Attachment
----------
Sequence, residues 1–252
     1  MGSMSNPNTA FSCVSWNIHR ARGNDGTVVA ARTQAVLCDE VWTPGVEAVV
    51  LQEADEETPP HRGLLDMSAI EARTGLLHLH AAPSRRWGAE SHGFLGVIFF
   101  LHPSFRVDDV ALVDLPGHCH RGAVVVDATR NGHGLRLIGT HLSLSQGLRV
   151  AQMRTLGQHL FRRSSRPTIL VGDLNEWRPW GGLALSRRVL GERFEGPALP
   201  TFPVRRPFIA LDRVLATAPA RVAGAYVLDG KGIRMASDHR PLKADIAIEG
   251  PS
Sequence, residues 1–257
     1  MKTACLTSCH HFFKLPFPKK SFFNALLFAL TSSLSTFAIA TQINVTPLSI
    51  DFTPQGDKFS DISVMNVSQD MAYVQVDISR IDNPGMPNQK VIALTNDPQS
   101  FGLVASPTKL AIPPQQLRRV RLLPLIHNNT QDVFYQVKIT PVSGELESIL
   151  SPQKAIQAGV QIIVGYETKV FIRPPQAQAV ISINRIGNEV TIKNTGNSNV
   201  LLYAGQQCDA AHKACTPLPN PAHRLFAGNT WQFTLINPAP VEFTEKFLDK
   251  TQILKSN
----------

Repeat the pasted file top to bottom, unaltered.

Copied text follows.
Sequence, residues 1–252
     1  MGSMSNPNTA FSCVSWNIHR ARGNDGTVVA ARTQAVLCDE VWTPGVEAVV
    51  LQEADEETPP HRGLLDMSAI EARTGLLHLH AAPSRRWGAE SHGFLGVIFF
   101  LHPSFRVDDV ALVDLPGHCH RGAVVVDATR NGHGLRLIGT HLSLSQGLRV
   151  AQMRTLGQHL FRRSSRPTIL VGDLNEWRPW GGLALSRRVL GERFEGPALP
   201  TFPVRRPFIA LDRVLATAPA RVAGAYVLDG KGIRMASDHR PLKADIAIEG
   251  PS
Sequence, residues 1–257
     1  MKTACLTSCH HFFKLPFPKK SFFNALLFAL TSSLSTFAIA TQINVTPLSI
    51  DFTPQGDKFS DISVMNVSQD MAYVQVDISR IDNPGMPNQK VIALTNDPQS
   101  FGLVASPTKL AIPPQQLRRV RLLPLIHNNT QDVFYQVKIT PVSGELESIL
   151  SPQKAIQAGV QIIVGYETKV FIRPPQAQAV ISINRIGNEV TIKNTGNSNV
   201  LLYAGQQCDA AHKACTPLPN PAHRLFAGNT WQFTLINPAP VEFTEKFLDK
   251  TQILKSN